Does your attorney have to be local?

While having a local lawyer may have certain advantages, it's not a legal requirement. The key is to find someone who is licensed in your state and who you can trust to effectively handle your case. Lawyers who want to practice law in a particular state must meet the requirements established by that state's regulatory authority, which generally include passing that state's bar exam, obtaining a law degree from an accredited law school, and meeting other ethical and professional standards. It is up to the local court to grant an attorney from another state a limited admission to appear on behalf of their client.

Technologies have expanded access to your lawyer not only through in-person visits and phone calls, but also through video conferencing and meetings. While an attorney licensed to practice law in one state may represent clients in another state on a temporary or limited basis, working with an attorney licensed to practice in the state where you file the lawsuit has obvious benefits. It's worth noting that some attorneys are licensed to practice law in multiple states, allowing them to represent clients in many different locations. The amount of compensation for extraordinary services is subject to the court's discretion as to what is fair and reasonable and is generally determined based on where the court is located, its rules of practice and not the attorney's address.

Many jurisdictions have strict rules governing the MJP to ensure that attorneys who are not licensed in a particular jurisdiction comply with all applicable laws. As part of this process, the lawyer from another state must have an attorney from the state willing to work with him. The local court can also decide whether additional compensation for the “extraordinary services” provided by the lawyer is just and reasonable. You should not use this information as a substitute for legal advice from an attorney licensed in your state. You may prefer to exchange documents by giving them to your lawyer rather than sending or receiving them by mail or email.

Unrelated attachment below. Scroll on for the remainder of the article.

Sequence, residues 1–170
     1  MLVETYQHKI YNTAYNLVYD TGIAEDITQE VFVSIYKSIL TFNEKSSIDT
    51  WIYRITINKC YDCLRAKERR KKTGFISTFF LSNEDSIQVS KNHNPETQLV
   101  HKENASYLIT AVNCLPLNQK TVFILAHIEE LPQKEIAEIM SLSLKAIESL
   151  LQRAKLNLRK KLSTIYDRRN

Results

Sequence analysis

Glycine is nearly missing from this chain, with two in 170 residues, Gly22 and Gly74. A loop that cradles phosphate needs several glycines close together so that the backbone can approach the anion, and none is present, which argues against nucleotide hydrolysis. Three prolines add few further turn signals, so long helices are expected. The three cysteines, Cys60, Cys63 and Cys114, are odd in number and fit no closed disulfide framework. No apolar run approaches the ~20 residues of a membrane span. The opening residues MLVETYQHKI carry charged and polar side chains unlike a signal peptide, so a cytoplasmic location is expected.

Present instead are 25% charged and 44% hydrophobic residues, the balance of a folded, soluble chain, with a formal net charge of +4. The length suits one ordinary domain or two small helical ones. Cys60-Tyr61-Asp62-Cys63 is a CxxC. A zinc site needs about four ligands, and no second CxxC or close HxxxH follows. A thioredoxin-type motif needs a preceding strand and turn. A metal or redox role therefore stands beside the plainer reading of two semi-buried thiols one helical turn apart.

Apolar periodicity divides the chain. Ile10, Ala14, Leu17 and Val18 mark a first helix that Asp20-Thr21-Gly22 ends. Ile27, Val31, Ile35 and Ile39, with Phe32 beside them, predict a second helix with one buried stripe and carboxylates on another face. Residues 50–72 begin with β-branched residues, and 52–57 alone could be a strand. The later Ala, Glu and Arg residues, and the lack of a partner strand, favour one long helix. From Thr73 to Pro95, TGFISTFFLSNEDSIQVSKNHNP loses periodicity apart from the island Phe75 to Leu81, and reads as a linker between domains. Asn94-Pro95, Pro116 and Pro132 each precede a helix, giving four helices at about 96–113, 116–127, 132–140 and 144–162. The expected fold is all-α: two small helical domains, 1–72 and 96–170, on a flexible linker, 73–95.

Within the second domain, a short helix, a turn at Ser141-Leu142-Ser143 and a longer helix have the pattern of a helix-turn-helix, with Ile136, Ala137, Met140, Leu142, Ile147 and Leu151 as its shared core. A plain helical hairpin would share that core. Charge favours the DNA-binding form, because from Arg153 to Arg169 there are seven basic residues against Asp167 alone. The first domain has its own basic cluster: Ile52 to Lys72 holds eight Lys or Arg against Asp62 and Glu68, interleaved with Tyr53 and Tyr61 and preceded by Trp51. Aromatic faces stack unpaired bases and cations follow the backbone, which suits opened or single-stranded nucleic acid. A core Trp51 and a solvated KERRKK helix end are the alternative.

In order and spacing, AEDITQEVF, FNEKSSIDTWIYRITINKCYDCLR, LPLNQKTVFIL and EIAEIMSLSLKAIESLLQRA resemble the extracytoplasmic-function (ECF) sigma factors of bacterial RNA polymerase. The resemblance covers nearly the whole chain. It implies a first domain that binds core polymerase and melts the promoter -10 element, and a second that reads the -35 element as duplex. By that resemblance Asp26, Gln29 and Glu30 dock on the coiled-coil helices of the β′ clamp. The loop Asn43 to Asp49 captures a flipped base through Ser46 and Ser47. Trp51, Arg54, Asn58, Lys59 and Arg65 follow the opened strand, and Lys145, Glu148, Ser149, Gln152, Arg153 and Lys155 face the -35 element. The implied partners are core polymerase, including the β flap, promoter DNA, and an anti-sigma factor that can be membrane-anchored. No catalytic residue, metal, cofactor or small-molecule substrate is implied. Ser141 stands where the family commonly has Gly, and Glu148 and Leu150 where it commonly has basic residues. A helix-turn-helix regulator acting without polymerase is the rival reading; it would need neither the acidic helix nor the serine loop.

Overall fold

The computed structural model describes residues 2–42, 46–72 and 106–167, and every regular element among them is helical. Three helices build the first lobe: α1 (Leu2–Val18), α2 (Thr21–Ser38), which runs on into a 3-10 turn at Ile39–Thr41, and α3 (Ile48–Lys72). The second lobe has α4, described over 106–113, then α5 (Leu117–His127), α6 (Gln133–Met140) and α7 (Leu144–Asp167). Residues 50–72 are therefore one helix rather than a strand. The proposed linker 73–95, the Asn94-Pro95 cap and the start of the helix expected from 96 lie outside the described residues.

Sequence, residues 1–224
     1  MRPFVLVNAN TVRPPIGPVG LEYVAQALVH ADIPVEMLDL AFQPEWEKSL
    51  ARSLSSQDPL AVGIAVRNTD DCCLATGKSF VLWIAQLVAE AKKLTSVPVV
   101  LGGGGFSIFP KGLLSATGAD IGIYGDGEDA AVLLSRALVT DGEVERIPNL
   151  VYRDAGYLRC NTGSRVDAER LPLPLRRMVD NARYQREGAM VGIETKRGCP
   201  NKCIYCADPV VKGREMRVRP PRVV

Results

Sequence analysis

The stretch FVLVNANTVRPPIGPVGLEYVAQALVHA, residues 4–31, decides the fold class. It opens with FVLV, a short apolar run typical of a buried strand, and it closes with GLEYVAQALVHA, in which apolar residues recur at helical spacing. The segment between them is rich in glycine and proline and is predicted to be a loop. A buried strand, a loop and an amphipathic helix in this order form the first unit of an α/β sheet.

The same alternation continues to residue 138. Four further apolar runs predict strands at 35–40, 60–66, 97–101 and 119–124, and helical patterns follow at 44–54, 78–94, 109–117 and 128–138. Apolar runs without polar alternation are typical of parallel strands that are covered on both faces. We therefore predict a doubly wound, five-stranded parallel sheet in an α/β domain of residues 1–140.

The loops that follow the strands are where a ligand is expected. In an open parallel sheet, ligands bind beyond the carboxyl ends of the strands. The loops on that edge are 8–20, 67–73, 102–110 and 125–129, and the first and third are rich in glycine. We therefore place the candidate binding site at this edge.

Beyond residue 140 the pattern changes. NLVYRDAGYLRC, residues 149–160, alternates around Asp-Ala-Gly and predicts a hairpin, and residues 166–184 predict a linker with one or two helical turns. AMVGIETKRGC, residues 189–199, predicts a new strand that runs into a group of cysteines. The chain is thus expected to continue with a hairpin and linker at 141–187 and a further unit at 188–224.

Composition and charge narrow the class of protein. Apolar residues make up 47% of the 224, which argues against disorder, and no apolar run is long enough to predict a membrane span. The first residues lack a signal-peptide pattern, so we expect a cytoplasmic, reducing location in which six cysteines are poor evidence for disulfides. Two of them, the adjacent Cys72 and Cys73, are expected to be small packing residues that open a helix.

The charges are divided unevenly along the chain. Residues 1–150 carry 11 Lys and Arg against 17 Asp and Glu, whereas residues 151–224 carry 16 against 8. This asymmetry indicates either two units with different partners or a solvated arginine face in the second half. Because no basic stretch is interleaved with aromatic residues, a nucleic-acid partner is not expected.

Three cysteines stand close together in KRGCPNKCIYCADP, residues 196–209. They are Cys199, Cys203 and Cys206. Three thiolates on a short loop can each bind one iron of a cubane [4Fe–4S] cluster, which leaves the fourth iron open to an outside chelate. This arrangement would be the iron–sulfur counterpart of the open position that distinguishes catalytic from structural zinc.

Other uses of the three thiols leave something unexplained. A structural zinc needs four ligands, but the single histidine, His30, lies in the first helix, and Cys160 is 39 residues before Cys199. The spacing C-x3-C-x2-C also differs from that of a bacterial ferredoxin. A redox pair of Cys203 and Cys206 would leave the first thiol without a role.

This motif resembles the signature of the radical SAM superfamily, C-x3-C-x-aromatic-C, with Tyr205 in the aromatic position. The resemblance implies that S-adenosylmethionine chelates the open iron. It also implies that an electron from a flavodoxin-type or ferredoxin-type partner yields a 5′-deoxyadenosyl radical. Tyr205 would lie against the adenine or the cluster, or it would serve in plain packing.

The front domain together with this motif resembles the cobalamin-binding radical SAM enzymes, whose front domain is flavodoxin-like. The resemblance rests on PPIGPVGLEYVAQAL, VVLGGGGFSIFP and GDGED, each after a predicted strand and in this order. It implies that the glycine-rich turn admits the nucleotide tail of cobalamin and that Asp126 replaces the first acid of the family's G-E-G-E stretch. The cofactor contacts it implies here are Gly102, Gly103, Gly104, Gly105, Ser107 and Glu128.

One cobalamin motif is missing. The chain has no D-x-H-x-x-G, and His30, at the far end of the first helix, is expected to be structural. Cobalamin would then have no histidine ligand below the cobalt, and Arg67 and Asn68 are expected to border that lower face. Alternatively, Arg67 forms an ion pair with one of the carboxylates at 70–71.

Once an attorney is licensed to practice law in a particular state, they are subject to that state's rules and regulations that govern the practice of law. Usually, the client or attorney must pay a fee to the bar association of the state where the case is being filed and a court filing fee for the pro hac vice petition or motion. It's important to note that the scope of practice of a person with a limited practice certificate is significantly more limited than that of a licensed attorney. It applies to lawyers who attempt to practice law in states where they are not legally authorized and to non-lawyers who act as licensed attorneys.

Dawn Launiere
Dawn Launiere

Amateur beer evangelist. Professional bacon aficionado. Total social media maven. Typical travel fan. Social media junkie.